Knights and Fencing

The knight is one of the most important and iconic figures of the Middle Ages, one which embodies many of the ideals and contradictions of the period. In addition to being some of the most common patrons of medieval manuscripts, it is no wonder that they appear as figures in most illuminated manuscripts.

Biblical warriors were typically presented in the arms and armor of the period in which the artists lived. Certain manuscripts were dedicated specifically to the knight's way of life with some chronicling tournaments and the history of military orders while others served as practical manuals detailing swordplay and various other combat techniques.

Most of these manuscripts originate from the Late Middle Ages when the battlefield role of the knight was already diminished but was still important socially and politically, leading to an idealized concept of chivalry. Nonetheless, these works serve as some of the most valuable sources not only on medieval warfare but life in the Middle Ages because they are also filled with depictions of daily life.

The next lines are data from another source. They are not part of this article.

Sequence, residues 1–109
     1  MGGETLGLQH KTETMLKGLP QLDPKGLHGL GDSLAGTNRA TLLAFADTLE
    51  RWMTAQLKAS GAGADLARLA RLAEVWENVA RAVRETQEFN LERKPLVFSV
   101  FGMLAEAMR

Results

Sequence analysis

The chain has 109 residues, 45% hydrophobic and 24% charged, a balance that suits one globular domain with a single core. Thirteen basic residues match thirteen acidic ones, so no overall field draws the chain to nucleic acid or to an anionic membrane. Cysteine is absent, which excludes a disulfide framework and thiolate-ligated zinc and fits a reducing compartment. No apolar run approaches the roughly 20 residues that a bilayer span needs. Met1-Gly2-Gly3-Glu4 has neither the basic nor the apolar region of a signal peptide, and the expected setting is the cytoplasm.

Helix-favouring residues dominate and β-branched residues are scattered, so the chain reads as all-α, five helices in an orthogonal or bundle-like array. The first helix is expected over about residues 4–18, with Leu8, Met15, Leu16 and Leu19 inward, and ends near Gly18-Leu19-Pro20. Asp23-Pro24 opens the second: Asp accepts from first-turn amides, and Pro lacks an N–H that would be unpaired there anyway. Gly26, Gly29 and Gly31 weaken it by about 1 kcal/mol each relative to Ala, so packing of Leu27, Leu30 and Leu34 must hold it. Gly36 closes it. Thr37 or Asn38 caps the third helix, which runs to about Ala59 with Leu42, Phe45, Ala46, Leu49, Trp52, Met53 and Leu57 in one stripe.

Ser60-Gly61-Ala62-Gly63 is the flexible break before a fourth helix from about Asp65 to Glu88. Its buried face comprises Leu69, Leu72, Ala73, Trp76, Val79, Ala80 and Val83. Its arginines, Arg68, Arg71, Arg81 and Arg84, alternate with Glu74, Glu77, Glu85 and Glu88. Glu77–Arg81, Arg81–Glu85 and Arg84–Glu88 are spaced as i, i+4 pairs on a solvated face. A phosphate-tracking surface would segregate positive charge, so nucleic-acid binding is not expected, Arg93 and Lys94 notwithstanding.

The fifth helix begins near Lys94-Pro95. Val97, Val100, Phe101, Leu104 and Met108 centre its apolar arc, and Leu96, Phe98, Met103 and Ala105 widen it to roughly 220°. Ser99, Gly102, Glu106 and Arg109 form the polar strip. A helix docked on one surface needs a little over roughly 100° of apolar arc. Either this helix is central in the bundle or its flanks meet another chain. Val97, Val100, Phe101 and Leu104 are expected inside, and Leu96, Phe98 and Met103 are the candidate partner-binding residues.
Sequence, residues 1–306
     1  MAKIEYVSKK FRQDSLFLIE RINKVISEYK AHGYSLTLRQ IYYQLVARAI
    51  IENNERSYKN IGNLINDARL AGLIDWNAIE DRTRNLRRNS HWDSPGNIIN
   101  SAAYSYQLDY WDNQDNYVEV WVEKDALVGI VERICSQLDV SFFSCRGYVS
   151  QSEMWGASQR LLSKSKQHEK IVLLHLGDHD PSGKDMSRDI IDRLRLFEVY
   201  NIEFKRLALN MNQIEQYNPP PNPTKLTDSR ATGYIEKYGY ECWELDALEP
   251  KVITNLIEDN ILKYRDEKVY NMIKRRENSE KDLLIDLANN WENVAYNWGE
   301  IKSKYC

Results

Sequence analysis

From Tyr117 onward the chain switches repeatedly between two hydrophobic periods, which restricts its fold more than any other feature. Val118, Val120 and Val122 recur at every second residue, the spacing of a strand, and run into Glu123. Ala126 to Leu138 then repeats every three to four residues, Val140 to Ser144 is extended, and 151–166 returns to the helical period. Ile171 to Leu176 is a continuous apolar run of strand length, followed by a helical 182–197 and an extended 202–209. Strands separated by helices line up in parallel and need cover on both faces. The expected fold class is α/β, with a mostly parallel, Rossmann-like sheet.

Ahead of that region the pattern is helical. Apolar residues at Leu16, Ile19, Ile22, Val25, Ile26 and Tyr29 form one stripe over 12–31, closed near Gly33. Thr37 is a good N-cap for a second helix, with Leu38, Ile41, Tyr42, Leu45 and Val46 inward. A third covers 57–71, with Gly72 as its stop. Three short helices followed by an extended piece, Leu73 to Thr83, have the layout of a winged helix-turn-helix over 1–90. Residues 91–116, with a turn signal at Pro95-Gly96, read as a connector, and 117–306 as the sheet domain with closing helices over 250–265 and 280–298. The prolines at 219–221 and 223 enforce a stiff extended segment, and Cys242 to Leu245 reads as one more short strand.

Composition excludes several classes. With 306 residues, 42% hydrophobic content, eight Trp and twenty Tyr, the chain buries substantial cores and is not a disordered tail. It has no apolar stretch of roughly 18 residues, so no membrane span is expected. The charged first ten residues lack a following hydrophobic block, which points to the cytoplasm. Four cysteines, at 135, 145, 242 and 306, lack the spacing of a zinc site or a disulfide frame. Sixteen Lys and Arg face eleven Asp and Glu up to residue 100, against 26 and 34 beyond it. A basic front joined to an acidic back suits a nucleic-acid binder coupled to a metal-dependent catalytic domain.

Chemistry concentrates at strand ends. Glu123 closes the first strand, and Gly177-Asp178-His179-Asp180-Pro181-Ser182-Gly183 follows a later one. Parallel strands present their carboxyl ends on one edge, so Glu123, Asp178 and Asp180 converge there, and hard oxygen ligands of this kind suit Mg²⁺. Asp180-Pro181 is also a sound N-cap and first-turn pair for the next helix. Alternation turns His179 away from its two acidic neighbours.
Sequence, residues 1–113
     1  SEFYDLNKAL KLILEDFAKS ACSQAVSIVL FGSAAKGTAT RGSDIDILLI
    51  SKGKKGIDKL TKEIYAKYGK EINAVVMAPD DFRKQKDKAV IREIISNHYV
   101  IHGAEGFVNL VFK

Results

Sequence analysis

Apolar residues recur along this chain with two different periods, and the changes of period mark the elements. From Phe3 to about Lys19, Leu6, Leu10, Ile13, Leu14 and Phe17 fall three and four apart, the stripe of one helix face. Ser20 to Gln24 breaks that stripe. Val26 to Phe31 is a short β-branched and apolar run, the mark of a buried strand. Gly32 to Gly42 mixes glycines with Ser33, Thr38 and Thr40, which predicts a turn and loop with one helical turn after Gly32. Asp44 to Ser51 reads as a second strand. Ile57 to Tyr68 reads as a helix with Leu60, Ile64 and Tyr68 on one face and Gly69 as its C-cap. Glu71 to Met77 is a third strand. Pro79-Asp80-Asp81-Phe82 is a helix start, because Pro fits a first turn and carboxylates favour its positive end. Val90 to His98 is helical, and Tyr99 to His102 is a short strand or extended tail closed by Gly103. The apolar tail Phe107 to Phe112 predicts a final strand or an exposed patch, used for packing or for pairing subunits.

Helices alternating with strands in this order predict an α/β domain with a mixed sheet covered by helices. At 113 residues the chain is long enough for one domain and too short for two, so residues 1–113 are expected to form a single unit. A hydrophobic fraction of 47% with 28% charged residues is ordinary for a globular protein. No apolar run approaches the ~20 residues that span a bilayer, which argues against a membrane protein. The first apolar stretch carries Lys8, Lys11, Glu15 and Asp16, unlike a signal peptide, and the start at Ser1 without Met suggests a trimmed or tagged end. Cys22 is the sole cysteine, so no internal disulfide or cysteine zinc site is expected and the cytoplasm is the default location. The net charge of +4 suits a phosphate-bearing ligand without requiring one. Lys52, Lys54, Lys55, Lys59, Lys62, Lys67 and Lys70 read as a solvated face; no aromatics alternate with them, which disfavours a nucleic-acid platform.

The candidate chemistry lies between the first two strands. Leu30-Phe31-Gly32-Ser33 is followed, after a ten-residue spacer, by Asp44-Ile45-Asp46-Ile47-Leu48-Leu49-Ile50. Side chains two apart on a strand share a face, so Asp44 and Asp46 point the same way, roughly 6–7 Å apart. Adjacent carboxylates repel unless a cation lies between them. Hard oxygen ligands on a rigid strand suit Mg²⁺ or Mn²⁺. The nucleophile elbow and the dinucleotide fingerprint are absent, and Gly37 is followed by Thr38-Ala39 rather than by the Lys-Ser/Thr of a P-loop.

Gladiatoria 

Fighting with Messer and Hungarian Shield

Stylishly attired in contemporary fashion, two fencers face off armed with the Messer, a single-bladed knife up to 1.5 meters long with a simple cross-guard popular between the 14th and 16th centuries, especially among Landsknecht mercenaries. The small shield they are using is referred to as a “Hungarian shield”, a style popular in late-medieval Germany, and has a pointed end for offensive use.
 
The caption below the image reads: “This is a stance with the Messer and also with the Hungarian shield from which all devices can derive in play and in earnest.” The devices the author refers to are the various fencing maneuvers for striking or parrying. Both men stand on their toes and have wide stances with their weight evenly balanced. 

The Authors